Astronomer Ken Tapping looks over some of the electronics at the Dominion Radio Astrophysical Observatory. Western News file photo

Star gazing: History of the Winter Solstice

At 8:28 a.m. (PST) on Thursday, Dec. 21, the sun will rise and set at the southernmost extreme

At 8:28 a.m. (PST) on Thursday, Dec. 21, the sun will rise and set at the southernmost extreme of its yearly travels.

Its height above the horizon at noon will be its lowest and we will have the smallest number of hours of daylight. This is the Winter Solstice, which comes from the Latin sol (“sun”) and sistere (“to stand still”), because that is the point where the sun pauses before reversing its apparent motion, like a swing pausing momentarily before heading back.

For those of us with a view of the eastern or western horizon this annual motion is very obvious. After the winter solstice we see the sunrise and sunset points on the horizon moving northwards each day, imperceptibly at first and then faster and faster, and then slowing until around June 21 we reach the northernmost points of sunrise and sunset — the Summer Solstice — after which the sunrise and sunset points start moving southward again. These days, with heated homes, light available at the operation of a switch and stores full of food from all over the world, we are not as much affected by the annual motions of the sun; also, we know what is going on.

The Earth orbits the sun once a year, spinning on its axis once a day. That axis is tilted by 23 degrees, so that it is always pointing at the pole or North Star. This means there is a point in the Earth’s orbit where the northern end of that axis is leaning towards the sun, so the Northern Hemisphere gets the maximum amount of sunlight — the Summer Solstice, and on the opposite side of the orbit, six months later, a point where the northern end of the axis is leaning away from the sun. Then the Northern Hemisphere gets the minimum amount of sunlight — the Winter Solstice.

This annual rhythm of the sun meant more to our remote ancestors. The death of the old year and welcoming the return of the sun and the birth of a new year was acknowledged in ceremonies. One of these was attaching fruit and other offerings to a tree to encourage the return of the time where fruit and other things would grow once again. In an age when there was little long distance transport of produce, life depended on what could be hunted or grown locally. Ancient monuments like Stonehenge were sites of huge celebrations of death and new life, coinciding with the death of the old year and birth of a new one. Horus, one of the Egyptian gods was born on the Solstice. So was Mithras, worshipped by the Roman Legions. He was born in a cave, attended by shepherds.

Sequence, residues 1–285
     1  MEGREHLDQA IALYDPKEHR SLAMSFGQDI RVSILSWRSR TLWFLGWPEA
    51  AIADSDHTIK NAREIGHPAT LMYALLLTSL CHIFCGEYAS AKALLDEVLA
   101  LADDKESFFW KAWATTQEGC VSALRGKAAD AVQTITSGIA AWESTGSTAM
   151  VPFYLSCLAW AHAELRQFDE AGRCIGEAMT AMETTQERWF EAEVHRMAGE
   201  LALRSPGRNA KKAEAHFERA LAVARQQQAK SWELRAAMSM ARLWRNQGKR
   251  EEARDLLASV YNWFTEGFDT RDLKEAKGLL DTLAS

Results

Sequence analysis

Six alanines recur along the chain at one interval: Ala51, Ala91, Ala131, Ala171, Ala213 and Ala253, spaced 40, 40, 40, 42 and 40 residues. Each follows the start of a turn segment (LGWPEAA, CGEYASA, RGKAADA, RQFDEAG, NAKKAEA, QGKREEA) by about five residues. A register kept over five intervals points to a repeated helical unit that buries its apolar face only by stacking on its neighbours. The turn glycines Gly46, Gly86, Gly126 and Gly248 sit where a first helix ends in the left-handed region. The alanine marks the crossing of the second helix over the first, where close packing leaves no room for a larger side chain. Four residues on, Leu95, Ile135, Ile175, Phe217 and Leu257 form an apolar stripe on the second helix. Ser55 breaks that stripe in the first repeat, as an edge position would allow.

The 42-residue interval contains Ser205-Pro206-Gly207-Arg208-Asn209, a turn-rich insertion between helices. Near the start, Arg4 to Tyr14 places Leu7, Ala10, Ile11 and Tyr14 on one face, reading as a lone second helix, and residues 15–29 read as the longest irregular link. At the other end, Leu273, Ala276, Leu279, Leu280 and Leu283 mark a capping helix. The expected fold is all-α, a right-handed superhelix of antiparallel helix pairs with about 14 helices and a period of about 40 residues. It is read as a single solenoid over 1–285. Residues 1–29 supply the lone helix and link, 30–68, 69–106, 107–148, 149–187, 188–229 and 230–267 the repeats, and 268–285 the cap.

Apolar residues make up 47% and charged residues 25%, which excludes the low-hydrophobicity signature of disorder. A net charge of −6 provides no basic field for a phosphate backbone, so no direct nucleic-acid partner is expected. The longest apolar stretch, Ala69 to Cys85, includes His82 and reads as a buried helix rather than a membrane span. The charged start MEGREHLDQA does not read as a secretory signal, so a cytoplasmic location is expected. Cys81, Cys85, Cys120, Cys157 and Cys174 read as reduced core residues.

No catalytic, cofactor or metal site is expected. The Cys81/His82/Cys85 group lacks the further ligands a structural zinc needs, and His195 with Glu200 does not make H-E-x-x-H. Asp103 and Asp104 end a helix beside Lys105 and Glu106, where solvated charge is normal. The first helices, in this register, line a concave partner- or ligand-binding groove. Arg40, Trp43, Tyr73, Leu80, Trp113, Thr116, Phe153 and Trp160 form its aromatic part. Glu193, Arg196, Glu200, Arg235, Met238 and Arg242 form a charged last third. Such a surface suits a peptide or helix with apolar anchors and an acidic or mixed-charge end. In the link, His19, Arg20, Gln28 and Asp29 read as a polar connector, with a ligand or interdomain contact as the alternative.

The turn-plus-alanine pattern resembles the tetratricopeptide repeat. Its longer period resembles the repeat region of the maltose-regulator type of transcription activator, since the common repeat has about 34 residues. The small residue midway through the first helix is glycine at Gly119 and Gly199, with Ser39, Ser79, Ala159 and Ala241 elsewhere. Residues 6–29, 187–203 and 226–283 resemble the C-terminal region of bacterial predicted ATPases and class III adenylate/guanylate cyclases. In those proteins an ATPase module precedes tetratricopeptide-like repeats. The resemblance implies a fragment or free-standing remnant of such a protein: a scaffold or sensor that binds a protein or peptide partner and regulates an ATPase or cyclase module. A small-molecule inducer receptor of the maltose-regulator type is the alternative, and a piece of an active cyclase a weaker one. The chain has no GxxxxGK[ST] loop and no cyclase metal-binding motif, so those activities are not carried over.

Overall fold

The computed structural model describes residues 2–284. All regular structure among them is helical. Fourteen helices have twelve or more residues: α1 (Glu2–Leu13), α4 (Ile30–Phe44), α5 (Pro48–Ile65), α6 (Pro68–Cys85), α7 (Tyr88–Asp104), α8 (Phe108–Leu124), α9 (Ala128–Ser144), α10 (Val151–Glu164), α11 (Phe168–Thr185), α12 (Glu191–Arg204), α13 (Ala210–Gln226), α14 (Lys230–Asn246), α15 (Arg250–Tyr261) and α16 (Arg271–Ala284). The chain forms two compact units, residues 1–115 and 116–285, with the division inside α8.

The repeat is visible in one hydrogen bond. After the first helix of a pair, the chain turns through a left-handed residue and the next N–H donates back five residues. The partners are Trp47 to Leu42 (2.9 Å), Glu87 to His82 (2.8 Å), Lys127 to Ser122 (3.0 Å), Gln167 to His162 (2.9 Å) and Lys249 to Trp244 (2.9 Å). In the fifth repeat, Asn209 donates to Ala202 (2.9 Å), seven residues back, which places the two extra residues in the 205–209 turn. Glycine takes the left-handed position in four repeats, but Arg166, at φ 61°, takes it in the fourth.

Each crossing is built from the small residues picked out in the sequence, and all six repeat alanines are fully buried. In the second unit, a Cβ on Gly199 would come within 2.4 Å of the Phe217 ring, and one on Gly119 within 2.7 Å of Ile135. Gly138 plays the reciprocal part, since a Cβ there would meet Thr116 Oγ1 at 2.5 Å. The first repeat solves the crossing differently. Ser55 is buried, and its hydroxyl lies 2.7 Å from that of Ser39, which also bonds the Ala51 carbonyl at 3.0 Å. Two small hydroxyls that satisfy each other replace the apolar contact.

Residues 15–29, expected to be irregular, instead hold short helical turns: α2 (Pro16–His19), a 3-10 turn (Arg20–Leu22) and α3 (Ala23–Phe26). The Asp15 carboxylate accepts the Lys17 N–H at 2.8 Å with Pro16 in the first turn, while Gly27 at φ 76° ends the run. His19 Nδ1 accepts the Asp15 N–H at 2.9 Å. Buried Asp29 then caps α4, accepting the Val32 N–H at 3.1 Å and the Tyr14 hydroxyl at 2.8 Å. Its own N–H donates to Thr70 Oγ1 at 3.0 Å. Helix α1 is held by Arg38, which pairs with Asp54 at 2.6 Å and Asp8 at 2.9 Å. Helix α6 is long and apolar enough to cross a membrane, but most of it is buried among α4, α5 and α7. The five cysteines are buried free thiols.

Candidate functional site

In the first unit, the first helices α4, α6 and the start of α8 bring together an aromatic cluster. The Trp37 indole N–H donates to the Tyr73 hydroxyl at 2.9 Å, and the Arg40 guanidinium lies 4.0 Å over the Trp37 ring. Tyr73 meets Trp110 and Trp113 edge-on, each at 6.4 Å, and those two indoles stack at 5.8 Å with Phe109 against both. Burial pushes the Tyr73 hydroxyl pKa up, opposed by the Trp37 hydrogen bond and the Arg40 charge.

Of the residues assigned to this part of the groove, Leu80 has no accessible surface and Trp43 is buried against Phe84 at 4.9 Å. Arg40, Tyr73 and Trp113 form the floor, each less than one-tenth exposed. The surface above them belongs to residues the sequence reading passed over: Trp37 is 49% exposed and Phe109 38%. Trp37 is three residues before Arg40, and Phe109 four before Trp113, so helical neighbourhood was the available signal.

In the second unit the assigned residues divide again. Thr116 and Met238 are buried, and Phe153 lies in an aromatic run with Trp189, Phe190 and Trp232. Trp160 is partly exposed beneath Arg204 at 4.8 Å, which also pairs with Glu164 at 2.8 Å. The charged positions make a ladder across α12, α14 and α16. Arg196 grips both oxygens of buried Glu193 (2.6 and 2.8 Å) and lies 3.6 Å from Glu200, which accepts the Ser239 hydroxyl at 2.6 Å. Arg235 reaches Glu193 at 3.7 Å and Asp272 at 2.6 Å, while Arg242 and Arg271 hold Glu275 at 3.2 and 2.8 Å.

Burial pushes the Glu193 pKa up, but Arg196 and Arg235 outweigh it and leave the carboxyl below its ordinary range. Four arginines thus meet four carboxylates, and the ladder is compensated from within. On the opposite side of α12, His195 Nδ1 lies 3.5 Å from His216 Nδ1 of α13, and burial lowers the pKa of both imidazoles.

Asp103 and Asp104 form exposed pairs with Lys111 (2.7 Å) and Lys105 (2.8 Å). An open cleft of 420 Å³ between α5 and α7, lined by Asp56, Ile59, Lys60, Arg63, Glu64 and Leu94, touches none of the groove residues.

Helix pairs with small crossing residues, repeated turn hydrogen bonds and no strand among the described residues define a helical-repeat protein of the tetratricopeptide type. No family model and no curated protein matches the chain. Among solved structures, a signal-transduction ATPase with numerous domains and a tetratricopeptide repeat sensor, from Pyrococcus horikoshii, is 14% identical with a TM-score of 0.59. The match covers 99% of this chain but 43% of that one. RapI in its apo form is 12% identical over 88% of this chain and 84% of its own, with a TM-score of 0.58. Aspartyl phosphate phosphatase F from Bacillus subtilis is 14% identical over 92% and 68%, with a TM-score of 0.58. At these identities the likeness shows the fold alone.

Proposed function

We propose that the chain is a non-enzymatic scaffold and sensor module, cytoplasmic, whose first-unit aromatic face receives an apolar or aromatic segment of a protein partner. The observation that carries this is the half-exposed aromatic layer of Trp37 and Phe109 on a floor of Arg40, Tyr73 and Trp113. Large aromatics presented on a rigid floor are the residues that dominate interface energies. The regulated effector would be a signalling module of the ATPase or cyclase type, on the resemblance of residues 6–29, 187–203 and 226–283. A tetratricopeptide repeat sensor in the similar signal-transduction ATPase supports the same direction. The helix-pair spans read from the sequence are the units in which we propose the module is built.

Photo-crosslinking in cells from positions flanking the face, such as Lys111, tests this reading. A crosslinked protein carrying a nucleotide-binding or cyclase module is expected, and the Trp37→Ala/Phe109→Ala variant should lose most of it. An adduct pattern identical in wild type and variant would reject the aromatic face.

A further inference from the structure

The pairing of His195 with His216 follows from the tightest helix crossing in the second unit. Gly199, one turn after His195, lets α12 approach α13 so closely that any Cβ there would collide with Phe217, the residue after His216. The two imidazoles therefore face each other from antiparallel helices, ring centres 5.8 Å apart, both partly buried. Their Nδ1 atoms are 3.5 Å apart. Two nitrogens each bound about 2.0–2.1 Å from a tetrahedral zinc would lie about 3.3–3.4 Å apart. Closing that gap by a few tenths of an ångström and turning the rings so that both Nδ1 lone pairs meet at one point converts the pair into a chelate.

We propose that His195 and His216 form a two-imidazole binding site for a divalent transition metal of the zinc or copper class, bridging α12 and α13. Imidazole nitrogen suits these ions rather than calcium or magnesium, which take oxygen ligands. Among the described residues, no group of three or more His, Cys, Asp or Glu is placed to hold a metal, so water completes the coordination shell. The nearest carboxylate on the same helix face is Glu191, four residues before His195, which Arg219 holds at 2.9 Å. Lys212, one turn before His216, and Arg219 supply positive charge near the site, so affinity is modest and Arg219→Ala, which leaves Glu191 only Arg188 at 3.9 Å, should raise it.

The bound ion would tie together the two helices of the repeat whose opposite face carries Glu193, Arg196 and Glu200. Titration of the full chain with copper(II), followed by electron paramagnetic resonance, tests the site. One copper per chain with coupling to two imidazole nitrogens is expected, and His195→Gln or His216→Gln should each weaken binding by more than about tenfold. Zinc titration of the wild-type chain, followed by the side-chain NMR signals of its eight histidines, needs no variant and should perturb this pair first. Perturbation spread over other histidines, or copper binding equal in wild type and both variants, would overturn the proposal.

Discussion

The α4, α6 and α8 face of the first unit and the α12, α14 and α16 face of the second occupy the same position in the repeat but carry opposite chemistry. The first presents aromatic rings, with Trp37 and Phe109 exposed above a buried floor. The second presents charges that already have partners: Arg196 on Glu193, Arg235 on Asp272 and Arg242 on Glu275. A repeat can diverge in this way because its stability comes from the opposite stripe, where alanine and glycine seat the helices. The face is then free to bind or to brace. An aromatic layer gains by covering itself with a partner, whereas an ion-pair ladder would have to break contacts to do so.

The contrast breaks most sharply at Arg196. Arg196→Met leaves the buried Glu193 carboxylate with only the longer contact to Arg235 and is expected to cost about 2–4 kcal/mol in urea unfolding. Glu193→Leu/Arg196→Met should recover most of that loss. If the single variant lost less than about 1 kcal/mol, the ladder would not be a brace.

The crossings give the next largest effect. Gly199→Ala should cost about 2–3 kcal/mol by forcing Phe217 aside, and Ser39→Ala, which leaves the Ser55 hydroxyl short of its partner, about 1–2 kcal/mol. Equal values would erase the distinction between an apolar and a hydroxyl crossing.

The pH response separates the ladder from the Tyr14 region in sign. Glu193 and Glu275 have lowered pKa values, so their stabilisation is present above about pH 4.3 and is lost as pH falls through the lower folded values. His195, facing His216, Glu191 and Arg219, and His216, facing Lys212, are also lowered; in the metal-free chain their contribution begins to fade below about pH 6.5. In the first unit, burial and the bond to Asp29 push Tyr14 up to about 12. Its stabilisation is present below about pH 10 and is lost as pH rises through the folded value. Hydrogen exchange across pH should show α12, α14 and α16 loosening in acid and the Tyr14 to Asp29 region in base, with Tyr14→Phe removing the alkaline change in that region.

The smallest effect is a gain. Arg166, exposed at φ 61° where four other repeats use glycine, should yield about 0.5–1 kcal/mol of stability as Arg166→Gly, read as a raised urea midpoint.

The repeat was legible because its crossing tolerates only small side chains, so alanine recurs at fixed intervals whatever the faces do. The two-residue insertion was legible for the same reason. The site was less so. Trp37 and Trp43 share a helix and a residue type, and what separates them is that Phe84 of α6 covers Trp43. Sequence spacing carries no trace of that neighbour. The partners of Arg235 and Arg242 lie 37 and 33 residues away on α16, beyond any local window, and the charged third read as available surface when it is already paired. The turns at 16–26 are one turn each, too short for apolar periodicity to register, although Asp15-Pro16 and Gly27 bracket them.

As the sun approaches the solstice, the sunrise and sunset points move along the horizon more and more slowly. Without clocks or calendars, our ancestors found it hard to know exactly when the solstice happened, until it was past. To cover this they allocated a period of 12 days around the solstice for celebrations such as Saturnalia, a riotous party dedicated to the Roman god, Saturn.

When Christian priests moved into the cold, dismal winters of Northern Europe, they saw the pagan celebrations and rededicated them to celebrations of events in the Christian calendar. The solsticial celebrations became Christmas. Over the following 2,000 years the calendar became partially detached from astronomical events and went through various adjustments, moving the Christmas celebration to where it is in the calendar today, and that 12-day period became the “12 Days of Christmas.” So today, our celebration of Christmas combines our religious beliefs, our culture and traditions dating back at least 5,000 years, and astronomy. I wish you all a Wonderful Christmas. The Mars Saga continues next week.

Jupiter shines brightly in the southwest before dawn. Mars, much fainter, lies to its right and Mercury shines low in the dawn glow. The Moon will reach First Quarter on Dec. 26.

Ken Tapping is an astronomer with the NRC’s Dominion Radio Astrophysical Observatory, Penticton.

Just Posted

Spallumcheen adventure park concerns

Neighbour to proposed adventure park in Spallumcheen offers up his concerns on project

Entrepreneur gives Vernon’s homeless women a boost

The woman says she’ll continue to package and send out bags of products from her self-run business

Vernon mom rescues sleeping baby from burning home

UPDATE: Investigation still underway into cause of blaze

Access to Okanagan Rail Trail to be limited by erosion work

The work will be done throughout September but won’t begin before the Labour Day weekend

Rain in the forecast for much of the Southern Interior

Rain for much of the day in most areas clearing in the evening

Madchild brings demons of drug abuse to Vernon

Swollen Members rapper takes Status stage

Civil claim filed over motocross track west of Summerland

Track was constructed on agricultural land around 2016

BC SPCA overwhelmed with cats, kittens needing homes

Large number of cruelty investigations, plus normal ‘kitten season’ to blame

Car catches fire while being towed by motor home on Hwy. 97

The incident occured just north of Sage Mesa Rd., no injuries have been reported

On-foot brewery tours in Okanagan give ‘beer runs’ a new dimension

Brew Crew Kelowna celebrated its kick-off year in this summer

B.C. Hydro applies for rare cut in electricity rates next year

Province wrote off $1.1 billion debt to help reverse rate increase

Repair work to begin on lakeshore paths in Summerland

Paths were damaged during spring flooding in 2017 and 2018

Smash and grab at Okanagan pot shop

Cash register and products stolen from Starbuds store in Lake Country

Most Read